Tag Archives: Bret Easton Ellis

Rocks In The Attic #562: Various Artists – ‘Less Than Zero (O.S.T.)’ (1987)

rita562I watched this film for the first time recently. I’d always been aware of it because it’s one of a handful of notable soundtrack appearances by Aerosmith from around this time. The Aerosmith completist in me searched this record out long before I had a chance to watch the movie.

The soundtrack opens strongly with a Permanent Vacation-era Aerosmith rocking out to a cover of Huey “Piano” Smith’s Rockin’ Pneumonia And The Boogie Woogie Flu. Drummer Joey Kramer is on fine powerhouse form, and the band really sound as young and energetic as anybody else, enjoying their second lease of life in post-rehab sobriety. The record was released by Def Jam, and many of the songs were produced by Rick Rubin, so I can only presume Aerosmith are included as a result of the Run-DMC connection.

The rest of the record – mostly cover songs – is a patchy affair. Poison’s weak attempt at Kiss’ Rock And Roll All Nite belies the whole glam rock movement’s claim to artistic merit, Slayer’s version of Iron Butterfly’s In-A-Gadda-Da-Vida is fun, while the Bangles’ version of Simon and Garfunkel’s Hazy Shade Of Winter sounds like they’re on autopilot.

So I sat down to finally watch the film I knew the music of so well. I really wish I hadn’t. If anything, Less Than Zero resembles the awful St. Elmo’s Fire in terms of its shallow posturing, although it is slightly harder-edged coming a couple of years after that earlier film. As an adaptation of Bret Easton Ellis’s debut novel, I have trouble seeing any of his satire on the screen as it seems to have been overwhelmed by big gloop of late-‘80s Hollywood sheen that engulfs the film.

Something terrible happened as I watched the final act of the film. I got a slap in the face from déjà vu when Andrew McCarthy’s character narrowly prevented Robert Downey, Jr.’s character from taking part in a gay tryst. Then, in the final shot of the film where McCarthy, Downey, Jr. and Jami Gertz are driving off into the sunset, and McCarthy realises that Downey, Jr. has died from a drug overdose, I had a realisation myself. I had seen this film before. I just hadn’t remembered it because it was so forgettable.

Hit: A Hazy Shade Of Winter – The Bangles

Hidden Gem: Rockin’ Pneumonia And The Boogie Woogie Flu – Aerosmith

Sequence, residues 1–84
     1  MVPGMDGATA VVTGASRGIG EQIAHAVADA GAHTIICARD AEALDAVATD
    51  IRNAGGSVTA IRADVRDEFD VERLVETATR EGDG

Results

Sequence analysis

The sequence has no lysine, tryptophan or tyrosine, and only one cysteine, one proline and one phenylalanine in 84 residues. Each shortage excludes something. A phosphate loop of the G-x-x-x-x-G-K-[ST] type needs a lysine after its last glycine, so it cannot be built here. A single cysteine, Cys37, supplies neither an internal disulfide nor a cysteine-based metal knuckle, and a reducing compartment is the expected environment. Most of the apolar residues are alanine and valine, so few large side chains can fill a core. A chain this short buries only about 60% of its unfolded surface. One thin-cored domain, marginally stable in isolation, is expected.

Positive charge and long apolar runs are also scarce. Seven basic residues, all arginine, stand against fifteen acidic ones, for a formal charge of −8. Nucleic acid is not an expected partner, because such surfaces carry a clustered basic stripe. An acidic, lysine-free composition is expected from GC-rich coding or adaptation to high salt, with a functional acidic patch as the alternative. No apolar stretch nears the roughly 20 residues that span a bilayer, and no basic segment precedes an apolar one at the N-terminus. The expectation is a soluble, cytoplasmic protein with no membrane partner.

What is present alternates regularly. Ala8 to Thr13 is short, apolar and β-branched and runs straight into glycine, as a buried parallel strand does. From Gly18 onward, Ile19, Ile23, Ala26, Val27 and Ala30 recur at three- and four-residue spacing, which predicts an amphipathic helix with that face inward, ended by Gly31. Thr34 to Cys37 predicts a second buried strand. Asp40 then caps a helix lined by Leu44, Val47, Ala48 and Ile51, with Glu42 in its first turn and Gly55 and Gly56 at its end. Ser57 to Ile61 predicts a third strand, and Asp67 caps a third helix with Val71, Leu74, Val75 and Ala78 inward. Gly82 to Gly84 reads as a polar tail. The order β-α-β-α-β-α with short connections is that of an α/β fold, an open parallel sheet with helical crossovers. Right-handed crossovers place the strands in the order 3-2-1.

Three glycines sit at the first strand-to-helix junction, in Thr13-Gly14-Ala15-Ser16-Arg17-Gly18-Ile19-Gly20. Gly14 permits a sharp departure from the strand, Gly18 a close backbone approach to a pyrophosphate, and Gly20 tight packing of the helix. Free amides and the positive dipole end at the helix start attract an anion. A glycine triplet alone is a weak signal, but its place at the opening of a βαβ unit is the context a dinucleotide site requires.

Rocks In The Attic #329: Huey Lewis & The News – ‘Fore!’ (1986)

RITA#329A definite guilty pleasure, this is the first album I ever remember owning. I doubt we actually owned a copy though, we probably borrowed the LP from the library and taped it. Thank you Oldham libraries. Still, it’s the first record I remember playing over and over. Passion for the album undoubtedly came from the inclusion of The Power Of Love from the soundtrack to the first Back To The Future film. Strangely, the track was only added to the European and Japanese releases of the album, which means that in their native country the album had to stand up on its own merits.

I remember getting a lot of stick for liking Huey Lewis & The News at the time. They weren’t cool, and that doesn’t seem to have changed over time. There’s a great reference to the band in an episode of the overlooked sitcom Up All Night (with Christina Applegate and Will Arnett) where they try and impress a recently moved-in neighbour couple. When Will Arnett’s character attends their house-warming party dressed in a Huey Lewis t-shirt, he crumbles under questioning from his wife as to whether he’s wearing the t-shirt to be ironic or not. Man, I would love a Huey Lewis t-shirt – and not to wear ironically.

Obviously the other film to feature a song from this album is American Psycho, with Hip To Be Square used to soundtrack one of Patrick Bateman’s murders. In the excellent novel by Bret Easton Ellis, a whole chapter is devoted to the merits of Huey Lewis & The News (similar chapters are devoted to Whitney Houston and Phil Collins). The disappointing film adaptation does little to capture the wit of the novel, and Bateman’s short monologue about Huey Lewis is the only concession to these bizarre chapters amongst Bateman’s obsession with ‘80s fashion and the aesthetics of business cards.

The Power Of Love is one of those movie soundtracks songs from the ‘80s that I don’t think I will ever get bored of (it doesn’t hurt that Back To The Future is such a strong film). I guess when you think about it, it’s strange that the song chosen to musically represent the film’s protagonist espouses the virtues of love, while the film ends on such a materialistic note (which would have been far worse if Crispin Glover’s claims are anything to go by). Marty’s return to Jennifer, and subsequent kiss, almost seem to take second-billing to the revelation that Marty’s father is now a successful author and can afford to buy Marty a brand-new pickup truck. The sequel’s convoluted storyline takes this a cynical step forward with Marty attempting to use time-travel to win sports bets for monetary gain.

Or maybe you shouldn’t think too hard about ‘80s films…

Hit: The Power Of Love

Hidden Gem: Naturally